Or, the make and model of your car.
Year, Make, and Model Aren't Just Numbers
Age is more than just a number. Especially when picking a salvage service.
Let's get real. Someone who buys junk cars is paying attention to the year, make and model. There are a few reasons for this.
Some cars don't have a significant change from year to year. That means their parts will be more widely available on the market, even if there isn't a lot of that model on the market.
Kiddies, supply, and demand is an inverse relationship. If your car has a lot of parts that are widely available on the market, your junk value just won't be as high. Even a different model year with the same parts might have a higher value.
Now, let's be crystal clear: we're not saying there's no value in junking a mass-produced car. We're saying you need to shop around to get the best price.
Yard A might turn up their nose. Yard B might snap it up before you can say the title number. Know your options.
4. Contact Area Salvage Service Yards
While we're on the subject of knowing your options: shop around. Like a lot.
A lot of things will affect what quote you'll get from someone who buys junk cars. That's why it's worth your while to ask around.
Say you have a car you'd like to sell, give all the particulars, and see what they have to say for themselves.
You should have a general sense of what your car is worth going in. Asking around will serve two purposes: proving which salvage yards aren't shady and showing what price you're likely to get for your car.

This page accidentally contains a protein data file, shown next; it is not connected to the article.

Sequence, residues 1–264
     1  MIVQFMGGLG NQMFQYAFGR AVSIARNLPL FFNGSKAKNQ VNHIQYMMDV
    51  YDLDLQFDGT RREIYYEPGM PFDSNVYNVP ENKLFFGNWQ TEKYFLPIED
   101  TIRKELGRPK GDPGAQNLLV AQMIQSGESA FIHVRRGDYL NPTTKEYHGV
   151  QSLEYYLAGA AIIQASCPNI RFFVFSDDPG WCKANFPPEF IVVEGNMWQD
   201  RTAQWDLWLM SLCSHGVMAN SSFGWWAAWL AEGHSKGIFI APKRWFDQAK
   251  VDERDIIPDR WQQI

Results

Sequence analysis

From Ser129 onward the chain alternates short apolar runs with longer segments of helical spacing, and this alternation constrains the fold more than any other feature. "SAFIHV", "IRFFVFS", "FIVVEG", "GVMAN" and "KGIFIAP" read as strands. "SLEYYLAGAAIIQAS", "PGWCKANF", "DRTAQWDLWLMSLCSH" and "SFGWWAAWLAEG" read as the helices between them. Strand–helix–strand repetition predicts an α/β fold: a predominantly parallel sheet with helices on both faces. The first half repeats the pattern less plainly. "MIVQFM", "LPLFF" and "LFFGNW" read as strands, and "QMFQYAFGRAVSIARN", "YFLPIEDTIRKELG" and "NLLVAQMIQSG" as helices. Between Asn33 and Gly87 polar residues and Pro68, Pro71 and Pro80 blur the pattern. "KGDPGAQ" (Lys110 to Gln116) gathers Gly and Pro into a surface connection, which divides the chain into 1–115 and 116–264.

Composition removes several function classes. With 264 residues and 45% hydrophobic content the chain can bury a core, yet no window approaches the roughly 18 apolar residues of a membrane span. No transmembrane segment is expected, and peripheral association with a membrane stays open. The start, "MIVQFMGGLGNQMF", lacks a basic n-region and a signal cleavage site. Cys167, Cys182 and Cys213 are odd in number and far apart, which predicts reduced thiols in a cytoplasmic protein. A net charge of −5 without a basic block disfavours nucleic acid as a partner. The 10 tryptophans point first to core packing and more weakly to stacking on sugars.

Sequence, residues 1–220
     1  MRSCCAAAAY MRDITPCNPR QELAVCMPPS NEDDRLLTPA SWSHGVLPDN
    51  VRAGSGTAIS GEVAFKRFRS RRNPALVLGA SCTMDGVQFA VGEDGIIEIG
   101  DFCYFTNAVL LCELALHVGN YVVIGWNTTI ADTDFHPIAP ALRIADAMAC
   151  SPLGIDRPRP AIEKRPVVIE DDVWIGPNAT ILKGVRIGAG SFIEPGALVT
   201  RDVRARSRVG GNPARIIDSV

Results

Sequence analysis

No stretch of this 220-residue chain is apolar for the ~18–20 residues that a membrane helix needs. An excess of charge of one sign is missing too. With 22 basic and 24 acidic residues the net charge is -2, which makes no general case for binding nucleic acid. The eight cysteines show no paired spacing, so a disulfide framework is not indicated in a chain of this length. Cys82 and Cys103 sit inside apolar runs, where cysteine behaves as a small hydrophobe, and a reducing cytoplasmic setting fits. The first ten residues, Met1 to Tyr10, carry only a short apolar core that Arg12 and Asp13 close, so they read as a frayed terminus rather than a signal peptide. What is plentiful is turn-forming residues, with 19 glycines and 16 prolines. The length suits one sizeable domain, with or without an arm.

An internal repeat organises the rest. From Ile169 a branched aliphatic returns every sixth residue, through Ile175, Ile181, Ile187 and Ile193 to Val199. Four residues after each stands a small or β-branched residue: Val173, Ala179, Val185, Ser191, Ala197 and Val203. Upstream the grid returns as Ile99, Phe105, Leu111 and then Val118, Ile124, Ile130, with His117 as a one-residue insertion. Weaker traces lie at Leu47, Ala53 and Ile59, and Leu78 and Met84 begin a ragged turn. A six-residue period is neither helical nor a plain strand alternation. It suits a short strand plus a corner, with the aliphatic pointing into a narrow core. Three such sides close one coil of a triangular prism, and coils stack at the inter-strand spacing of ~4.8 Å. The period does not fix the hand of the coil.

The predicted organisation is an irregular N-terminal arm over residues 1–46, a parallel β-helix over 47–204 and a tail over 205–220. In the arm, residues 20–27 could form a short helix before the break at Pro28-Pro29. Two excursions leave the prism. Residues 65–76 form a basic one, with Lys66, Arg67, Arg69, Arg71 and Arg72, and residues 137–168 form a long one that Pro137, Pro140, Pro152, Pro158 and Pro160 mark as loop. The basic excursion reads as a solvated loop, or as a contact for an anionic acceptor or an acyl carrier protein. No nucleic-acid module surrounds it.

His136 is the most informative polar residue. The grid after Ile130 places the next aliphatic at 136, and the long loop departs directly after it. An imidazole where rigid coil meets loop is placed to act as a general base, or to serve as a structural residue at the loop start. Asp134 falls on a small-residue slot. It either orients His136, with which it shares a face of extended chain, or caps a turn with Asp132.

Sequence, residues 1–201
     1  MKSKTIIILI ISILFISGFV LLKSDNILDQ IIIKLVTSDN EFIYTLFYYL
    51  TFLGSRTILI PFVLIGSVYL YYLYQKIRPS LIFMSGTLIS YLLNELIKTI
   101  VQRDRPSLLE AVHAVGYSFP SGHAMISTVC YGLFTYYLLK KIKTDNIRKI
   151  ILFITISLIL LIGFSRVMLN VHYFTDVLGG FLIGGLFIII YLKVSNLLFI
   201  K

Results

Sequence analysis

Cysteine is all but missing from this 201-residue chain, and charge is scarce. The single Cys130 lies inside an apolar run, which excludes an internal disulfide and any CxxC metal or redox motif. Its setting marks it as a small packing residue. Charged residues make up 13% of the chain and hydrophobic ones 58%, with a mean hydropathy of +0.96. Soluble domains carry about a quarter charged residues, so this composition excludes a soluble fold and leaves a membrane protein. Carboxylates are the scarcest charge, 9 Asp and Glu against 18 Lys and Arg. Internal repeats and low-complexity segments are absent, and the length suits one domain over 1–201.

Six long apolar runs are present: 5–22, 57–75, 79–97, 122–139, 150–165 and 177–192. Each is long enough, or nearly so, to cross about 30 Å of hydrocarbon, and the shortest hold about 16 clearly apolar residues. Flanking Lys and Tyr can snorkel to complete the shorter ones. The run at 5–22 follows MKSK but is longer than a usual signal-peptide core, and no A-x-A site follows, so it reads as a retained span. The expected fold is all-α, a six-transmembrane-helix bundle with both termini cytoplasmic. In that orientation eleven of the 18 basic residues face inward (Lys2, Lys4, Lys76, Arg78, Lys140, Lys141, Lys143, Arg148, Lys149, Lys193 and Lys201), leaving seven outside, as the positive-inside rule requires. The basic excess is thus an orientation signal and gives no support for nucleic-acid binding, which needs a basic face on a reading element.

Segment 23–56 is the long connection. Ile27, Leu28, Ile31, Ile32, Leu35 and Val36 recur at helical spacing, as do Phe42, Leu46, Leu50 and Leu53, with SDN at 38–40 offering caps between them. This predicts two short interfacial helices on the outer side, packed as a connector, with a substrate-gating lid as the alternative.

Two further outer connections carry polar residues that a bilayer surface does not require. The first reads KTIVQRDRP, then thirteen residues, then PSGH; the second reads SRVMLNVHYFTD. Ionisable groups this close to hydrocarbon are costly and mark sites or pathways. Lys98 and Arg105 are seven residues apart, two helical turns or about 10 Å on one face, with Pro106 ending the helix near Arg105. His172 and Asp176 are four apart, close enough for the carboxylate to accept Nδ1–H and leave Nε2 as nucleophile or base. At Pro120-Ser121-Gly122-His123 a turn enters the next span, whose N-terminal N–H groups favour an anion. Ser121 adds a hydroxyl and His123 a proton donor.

It's also possible that one junkyard may see more value in a car than another. All to your benefit. You never know if you never ask.
5. Know Your Way Around Salvage Scams
As a general rule, if you feel like you're being conned, that's because you probably are.
To be fair, not every person who buys junk cars is scamming you, just most of them (kidding). Most junkyards and salvage services are legitimate businesses.
There's no way of knowing how many junkyards use questionable tactics, but by one recent estimate, there are over 1 million used cars in the U.S. that have been title washed.
Here are a few red flags to watch out for.
Quick question: how many pounds in a ton?
If your answer was "I'm not good at math," then congratulations. You're about to be scammed.
Someone who buys junk cars knows that junk cars are often valued based on tonnage. But there are two kinds of tons: net tons (equal to 2,000 pounds) and long/metric tons (equal to 2,240 pounds).
Ask your dealer what tons they're using. If they don't answer, or say it doesn't matter, they're lying liars who lie. Also, if it looks like they're quoting you on long tons when they told you otherwise, call them on it, leave and tell people to never go there.